The case for humanist philology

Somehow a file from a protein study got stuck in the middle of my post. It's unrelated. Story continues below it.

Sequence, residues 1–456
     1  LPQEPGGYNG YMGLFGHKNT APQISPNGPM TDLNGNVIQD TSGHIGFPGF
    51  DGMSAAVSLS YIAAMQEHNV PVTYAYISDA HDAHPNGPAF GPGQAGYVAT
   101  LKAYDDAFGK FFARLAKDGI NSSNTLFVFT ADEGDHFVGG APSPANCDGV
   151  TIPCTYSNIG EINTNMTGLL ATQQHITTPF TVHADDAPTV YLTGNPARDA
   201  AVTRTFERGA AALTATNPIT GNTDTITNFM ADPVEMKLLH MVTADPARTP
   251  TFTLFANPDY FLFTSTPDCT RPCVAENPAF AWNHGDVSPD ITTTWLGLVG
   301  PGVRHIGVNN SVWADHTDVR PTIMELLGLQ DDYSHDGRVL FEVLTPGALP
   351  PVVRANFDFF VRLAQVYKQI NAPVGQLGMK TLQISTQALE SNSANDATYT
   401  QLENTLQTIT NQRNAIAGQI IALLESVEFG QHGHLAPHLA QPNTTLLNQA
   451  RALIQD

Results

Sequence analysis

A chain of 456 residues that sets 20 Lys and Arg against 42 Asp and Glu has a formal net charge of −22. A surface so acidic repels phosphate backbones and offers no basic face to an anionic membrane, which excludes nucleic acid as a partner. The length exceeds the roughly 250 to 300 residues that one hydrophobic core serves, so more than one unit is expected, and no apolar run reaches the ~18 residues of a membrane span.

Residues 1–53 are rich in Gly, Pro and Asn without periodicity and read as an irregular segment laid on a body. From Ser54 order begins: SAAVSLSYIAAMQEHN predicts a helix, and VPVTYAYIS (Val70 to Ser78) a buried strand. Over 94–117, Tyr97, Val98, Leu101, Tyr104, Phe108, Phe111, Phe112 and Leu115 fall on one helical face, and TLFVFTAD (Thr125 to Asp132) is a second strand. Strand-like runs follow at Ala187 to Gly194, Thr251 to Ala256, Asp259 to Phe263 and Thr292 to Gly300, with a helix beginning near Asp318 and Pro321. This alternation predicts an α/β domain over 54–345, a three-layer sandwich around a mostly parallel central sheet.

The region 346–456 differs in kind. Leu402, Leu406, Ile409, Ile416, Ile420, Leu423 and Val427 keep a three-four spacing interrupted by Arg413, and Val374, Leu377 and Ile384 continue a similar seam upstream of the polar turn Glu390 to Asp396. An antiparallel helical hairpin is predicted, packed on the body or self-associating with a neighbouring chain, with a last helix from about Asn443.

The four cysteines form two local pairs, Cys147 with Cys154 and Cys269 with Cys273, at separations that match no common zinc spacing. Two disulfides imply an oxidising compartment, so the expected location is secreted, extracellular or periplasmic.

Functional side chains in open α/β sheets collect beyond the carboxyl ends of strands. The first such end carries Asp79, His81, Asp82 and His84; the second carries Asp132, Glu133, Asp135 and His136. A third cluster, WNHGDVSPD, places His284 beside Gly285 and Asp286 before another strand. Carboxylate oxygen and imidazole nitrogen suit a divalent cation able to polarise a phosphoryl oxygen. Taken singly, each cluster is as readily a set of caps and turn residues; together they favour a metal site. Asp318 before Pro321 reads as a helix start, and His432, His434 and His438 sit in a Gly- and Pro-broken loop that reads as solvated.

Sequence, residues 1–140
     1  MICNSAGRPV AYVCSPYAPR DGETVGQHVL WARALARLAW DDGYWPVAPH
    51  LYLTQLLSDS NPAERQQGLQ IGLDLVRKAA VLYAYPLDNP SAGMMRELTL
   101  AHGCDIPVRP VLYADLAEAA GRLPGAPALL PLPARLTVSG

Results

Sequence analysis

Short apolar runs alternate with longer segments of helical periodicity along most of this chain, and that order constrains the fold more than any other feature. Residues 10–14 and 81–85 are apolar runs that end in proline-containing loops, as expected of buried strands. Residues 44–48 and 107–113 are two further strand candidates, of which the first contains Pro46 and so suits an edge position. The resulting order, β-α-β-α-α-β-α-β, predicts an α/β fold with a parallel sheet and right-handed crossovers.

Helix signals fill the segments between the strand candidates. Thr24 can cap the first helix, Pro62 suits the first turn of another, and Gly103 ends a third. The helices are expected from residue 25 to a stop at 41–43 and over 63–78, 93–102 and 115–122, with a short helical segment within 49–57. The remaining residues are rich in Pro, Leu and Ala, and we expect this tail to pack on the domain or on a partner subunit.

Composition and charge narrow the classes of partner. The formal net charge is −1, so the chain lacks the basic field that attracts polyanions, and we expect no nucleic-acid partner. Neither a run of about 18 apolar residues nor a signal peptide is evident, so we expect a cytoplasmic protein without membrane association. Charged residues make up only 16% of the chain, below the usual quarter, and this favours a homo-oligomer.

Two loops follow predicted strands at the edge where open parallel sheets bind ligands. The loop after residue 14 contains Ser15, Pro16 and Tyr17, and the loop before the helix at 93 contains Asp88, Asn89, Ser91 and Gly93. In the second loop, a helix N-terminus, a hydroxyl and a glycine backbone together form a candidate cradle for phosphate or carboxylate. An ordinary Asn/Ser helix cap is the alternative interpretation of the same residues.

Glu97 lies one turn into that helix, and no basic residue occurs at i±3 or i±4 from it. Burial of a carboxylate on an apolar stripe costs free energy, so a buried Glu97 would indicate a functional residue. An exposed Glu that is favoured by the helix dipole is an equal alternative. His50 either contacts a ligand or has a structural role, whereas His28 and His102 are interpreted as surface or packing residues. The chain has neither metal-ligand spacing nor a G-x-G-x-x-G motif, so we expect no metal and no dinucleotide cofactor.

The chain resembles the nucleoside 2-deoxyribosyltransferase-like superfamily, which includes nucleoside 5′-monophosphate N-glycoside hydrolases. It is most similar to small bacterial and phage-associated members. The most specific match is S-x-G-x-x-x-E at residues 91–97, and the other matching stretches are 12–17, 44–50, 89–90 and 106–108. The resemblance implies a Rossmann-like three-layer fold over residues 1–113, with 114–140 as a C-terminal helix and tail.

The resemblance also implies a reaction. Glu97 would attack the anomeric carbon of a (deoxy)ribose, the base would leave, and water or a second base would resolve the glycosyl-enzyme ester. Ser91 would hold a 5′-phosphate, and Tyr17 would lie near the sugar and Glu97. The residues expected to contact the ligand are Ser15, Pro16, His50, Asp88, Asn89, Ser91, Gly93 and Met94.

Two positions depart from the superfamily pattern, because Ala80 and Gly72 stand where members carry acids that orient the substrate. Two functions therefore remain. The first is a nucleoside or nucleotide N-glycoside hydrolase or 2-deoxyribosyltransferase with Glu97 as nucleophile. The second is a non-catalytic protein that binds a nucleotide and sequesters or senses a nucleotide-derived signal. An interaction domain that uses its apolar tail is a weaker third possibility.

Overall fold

Reading ancient texts becomes harder as we lose knowledge of the familiar context their authors assume, what every schoolboy knows and what shapes them without their knowing it, as we too are shaped by other things. That might be a verbal echo of another, lost text, or the actual meaning of a word — dictionaries of dead languages are digests of the writings in them that have survived, a circularity not always virtuous enough. It is a way of life, the Lebenswelt of the poet’s circle. It is a culture’s view of itself and of human nature. It is the idle talk and slang of the piazza. Literature is often almost their only remaining trace, apart from the odd rubbish tip or casual graffitti. The attempt to understand it is therefore also a way of recovering knowledge of other ways of thinking and being. To do so means weighing every word, a task made more testing still by the imperfect preservation of those very words, copied and recopied over millennia by scribes set in their own ways. Finally we must listen to those ancient voices with fresh ears and in each generation make them our contemporaries again. Virgil and Du Fu are no good to anyone behind a glass case.


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